- 84 per cent of top 100 hundred brands leave their websites open for scraping and fraudulent use
- One in five bargain hunters deceived by fraudulent sites
Research released today raises worrying questions about the current ability of online retailers to protect their customers from the threat of online fraud.
The research, conducted by online brand protection specialists Global Brands Protection Ltd in November 2012, tested the websites of 100 of our most popular high street retailers, including John Lewis, French Connection and Debenhams, to assess how well their assets were protected online. Key components examined included the company logo, product images, trustmarks and payment pages – in other words, those items that a would-be criminal would require to give their fraudulent site a legitimate appearance to online shoppers.
Key findings for the top 100 brands investigated include:
- 61 per cent of logos and 84 per cent of main images are unprotected
- A mere 6 per cent of homepages included some sort of site validation. In addition, only 15 per cent featured a validation system on their payment pages
- Accreditation and trustmarks were either entirely absent or unsecured
Marc Howard, co-founder of Global Brands Protection Ltd, said: “The results were somewhat astounding. Of the 100 sites we assessed, a mere 39 had seemingly taken any steps at all to protect the assets on their websites. Fully 84 per cent had product images that could be taken and the payment pages of 85 per cent were unvalidated. Essentially what this amounts to is the perfect recipe for online fraud. Using basic site scraping tools it’s possible to create a mirror image of a site using logos, the product images, and any other items that a consumer might look to for reassurance, such as validation marks. By leaving key elements of their sites unprotected, they are incredibly vulnerable to copycat sites. In most circumstances, a brand only becomes aware of a problem when consumers report that they have been ripped off.”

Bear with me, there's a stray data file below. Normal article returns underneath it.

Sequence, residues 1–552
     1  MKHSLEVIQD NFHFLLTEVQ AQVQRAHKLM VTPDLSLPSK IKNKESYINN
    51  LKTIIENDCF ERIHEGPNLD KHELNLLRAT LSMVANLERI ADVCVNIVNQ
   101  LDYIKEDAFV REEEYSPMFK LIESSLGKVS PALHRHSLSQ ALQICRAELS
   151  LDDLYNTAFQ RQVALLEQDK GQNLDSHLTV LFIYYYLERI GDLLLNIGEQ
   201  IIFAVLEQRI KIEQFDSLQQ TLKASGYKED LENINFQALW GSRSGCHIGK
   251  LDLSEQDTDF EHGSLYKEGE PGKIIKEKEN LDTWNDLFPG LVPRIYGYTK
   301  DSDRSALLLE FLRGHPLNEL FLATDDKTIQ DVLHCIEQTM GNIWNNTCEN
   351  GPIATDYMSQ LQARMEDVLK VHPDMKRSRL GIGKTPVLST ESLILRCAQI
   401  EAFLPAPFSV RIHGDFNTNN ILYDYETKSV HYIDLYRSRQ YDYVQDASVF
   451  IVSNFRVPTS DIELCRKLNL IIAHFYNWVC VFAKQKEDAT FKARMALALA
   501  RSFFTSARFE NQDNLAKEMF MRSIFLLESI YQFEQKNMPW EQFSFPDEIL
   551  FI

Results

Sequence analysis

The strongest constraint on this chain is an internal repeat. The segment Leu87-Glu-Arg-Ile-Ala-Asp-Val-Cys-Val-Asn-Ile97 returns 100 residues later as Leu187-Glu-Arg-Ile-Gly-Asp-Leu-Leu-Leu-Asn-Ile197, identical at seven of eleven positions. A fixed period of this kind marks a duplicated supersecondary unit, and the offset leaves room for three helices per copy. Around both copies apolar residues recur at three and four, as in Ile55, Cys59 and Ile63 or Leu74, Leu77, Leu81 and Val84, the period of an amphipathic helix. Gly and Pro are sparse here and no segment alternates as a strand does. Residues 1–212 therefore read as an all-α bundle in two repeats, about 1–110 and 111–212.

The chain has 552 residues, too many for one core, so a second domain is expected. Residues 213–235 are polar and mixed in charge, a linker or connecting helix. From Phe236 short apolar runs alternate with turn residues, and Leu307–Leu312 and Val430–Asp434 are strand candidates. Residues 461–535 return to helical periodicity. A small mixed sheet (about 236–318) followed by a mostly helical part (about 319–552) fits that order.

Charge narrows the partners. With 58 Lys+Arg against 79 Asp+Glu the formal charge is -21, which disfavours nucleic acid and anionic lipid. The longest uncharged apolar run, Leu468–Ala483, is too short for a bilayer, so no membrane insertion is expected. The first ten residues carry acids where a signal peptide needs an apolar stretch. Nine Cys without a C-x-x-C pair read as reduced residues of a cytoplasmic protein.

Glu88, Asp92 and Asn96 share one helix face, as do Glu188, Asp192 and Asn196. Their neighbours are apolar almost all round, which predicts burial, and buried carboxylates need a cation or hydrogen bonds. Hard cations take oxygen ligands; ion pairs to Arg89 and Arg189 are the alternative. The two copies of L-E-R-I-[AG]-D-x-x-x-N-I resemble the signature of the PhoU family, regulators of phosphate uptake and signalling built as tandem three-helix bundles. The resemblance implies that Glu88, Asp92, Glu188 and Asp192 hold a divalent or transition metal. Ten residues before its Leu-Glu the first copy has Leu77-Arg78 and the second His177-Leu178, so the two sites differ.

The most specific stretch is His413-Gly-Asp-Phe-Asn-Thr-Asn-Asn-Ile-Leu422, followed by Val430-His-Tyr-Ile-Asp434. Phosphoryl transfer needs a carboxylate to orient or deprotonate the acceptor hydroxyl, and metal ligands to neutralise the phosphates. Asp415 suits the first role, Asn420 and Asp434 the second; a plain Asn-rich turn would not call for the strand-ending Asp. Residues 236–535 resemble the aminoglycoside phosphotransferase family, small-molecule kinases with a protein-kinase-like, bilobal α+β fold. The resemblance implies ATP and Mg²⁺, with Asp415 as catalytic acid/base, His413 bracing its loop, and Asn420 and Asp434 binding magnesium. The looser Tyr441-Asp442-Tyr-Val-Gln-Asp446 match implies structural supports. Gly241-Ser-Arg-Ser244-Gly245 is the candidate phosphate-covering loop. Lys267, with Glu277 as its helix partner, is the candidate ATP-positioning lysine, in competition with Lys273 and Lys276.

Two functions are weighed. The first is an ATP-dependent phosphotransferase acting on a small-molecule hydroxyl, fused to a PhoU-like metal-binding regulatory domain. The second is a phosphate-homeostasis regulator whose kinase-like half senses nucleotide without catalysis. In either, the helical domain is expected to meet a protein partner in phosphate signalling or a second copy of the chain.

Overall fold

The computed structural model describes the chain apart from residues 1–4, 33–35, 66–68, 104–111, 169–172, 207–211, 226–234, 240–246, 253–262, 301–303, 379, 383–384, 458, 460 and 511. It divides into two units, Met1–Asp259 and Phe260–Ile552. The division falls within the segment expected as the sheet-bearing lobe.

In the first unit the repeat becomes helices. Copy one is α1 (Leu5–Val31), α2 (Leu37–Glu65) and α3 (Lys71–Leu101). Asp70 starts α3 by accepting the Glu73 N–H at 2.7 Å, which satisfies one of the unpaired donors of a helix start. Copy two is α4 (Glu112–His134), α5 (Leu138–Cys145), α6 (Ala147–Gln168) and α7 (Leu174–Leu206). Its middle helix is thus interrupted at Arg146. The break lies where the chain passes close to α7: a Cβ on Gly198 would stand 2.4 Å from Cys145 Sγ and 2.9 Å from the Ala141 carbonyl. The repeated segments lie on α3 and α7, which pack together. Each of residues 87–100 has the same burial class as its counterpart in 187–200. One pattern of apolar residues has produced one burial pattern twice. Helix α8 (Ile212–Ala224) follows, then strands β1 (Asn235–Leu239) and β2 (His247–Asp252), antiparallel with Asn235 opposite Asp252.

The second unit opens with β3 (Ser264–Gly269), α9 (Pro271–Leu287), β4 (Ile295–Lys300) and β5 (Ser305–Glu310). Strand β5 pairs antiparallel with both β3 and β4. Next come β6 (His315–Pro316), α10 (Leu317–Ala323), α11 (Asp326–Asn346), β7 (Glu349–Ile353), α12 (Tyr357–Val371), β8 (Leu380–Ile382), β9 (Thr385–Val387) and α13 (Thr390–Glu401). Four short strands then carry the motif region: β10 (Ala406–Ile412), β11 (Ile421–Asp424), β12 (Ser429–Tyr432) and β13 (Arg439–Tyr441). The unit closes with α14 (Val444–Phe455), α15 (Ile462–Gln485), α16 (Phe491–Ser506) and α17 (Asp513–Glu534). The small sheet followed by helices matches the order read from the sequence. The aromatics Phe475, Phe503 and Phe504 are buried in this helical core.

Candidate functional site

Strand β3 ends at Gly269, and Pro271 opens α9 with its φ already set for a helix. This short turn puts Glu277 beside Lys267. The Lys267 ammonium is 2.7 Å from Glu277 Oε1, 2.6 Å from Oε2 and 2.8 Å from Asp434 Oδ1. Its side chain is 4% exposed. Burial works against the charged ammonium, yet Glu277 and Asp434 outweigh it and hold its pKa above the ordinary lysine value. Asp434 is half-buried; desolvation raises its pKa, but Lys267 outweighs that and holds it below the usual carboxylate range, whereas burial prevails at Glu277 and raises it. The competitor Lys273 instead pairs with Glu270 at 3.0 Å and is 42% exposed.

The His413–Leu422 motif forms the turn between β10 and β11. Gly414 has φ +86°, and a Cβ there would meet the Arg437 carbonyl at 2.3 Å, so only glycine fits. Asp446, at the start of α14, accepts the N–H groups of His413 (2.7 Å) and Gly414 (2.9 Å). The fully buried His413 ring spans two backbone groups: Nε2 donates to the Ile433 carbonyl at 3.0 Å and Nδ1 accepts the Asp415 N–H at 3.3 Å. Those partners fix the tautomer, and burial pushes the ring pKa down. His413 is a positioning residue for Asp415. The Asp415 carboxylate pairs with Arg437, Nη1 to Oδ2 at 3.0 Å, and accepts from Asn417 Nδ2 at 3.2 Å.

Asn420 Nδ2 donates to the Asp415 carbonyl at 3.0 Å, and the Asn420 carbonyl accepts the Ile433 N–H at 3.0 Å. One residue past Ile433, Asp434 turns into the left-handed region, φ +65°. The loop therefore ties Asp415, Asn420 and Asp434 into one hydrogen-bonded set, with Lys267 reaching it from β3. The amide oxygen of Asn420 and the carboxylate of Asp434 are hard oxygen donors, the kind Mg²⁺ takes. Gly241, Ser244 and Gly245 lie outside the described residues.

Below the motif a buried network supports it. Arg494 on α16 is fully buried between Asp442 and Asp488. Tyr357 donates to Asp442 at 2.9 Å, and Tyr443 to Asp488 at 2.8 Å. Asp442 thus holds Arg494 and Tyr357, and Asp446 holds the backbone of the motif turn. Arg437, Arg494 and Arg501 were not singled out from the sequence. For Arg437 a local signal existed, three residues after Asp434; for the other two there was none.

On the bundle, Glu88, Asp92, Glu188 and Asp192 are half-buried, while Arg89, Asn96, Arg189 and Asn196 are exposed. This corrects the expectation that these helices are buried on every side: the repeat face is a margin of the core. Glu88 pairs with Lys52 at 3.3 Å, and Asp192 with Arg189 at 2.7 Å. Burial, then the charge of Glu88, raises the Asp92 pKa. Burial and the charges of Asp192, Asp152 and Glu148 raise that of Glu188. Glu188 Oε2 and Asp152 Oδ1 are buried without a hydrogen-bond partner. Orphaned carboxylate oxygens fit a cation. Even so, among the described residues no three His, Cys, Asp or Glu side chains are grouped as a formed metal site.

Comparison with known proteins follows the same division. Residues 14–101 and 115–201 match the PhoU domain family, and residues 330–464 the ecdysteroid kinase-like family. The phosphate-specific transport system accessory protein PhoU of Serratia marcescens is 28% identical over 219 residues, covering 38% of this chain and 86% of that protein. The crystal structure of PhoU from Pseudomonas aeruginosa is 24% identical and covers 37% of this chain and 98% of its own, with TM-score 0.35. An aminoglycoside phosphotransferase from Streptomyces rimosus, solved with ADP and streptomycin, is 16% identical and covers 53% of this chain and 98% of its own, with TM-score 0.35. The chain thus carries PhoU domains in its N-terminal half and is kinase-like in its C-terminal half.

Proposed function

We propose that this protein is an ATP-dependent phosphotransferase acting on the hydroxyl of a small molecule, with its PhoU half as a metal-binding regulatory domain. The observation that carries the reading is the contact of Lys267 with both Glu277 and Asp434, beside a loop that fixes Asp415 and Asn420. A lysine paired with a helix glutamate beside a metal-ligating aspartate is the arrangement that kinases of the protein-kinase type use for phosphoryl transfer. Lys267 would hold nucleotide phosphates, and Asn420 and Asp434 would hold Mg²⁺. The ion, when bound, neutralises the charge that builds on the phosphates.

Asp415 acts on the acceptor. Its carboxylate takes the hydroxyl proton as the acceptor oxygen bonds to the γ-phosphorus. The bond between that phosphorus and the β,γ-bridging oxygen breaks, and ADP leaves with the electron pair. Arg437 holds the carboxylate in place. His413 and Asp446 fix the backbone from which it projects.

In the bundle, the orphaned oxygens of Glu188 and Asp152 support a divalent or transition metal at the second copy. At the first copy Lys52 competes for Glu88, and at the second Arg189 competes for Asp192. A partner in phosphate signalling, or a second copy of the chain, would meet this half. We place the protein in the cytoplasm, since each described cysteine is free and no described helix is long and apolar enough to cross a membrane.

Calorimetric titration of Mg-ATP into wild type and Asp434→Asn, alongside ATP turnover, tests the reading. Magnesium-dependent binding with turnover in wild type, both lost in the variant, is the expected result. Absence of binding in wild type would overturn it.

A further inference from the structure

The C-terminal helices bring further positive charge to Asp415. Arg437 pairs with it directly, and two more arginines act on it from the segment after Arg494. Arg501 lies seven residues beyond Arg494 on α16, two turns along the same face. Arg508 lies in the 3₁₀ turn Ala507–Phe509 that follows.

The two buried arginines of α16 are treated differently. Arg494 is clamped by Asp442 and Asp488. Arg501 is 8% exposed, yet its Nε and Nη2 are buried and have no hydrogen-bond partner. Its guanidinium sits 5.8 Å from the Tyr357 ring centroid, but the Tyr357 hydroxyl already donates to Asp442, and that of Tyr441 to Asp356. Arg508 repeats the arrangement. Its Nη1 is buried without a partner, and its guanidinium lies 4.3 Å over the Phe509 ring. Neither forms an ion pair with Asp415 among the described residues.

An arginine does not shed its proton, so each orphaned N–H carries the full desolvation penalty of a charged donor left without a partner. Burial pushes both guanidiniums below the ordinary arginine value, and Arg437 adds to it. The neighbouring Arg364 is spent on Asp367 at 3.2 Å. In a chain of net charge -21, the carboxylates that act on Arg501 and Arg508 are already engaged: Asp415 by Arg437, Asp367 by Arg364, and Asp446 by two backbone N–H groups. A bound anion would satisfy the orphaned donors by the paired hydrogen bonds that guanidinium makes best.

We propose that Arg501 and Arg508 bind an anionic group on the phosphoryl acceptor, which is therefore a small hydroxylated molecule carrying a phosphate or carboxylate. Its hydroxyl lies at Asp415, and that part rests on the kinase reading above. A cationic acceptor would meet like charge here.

Images and logos can be taken in seconds either manually or by automated software. From the simple ‘right-click’ facility to take images, to sophisticated web-scrapers, which are freely available on the internet, criminals can download all the images on genuine sites to give them the collateral to build fake websites. At present, once an image has been removed from a genuine website, it is extremely difficult, and often impossible, even with current search tools, to find out who is using a brand’s images, where they are being used and for what purpose, legitimate or otherwise.
Danny Howard, co-founder of Global Brands Protection Ltd, added: “The research revealed that although many top brands are concerned about online security, a lot more could be done. Gold stars go to Burberry and Footlocker, who have clearly made attempts to secure their IP online, but in general, the results are dismal. Online scams and fraudulent sites are becoming more sophisticated by the day, making it difficult for even the savviest shoppers to discern illegitimate sites from genuine. As many as one in five online shoppers on the lookout for a bargain inadvertently find themselves lumbered with fraudulent product, and often nothing at all. Taking into account that online retailers are in line for a bumper Christmas this year, with UK consumers expected to spend £4.6 billion online during the first two weeks of December, there’s a great deal at stake.”
“Tackling online fraud is an ongoing arms race against the ever more sophisticated use of technology. However, some relatively simple steps can be taken by retailers operating online to prevent their identities being stolen and used fraudulently,” Marc concluded.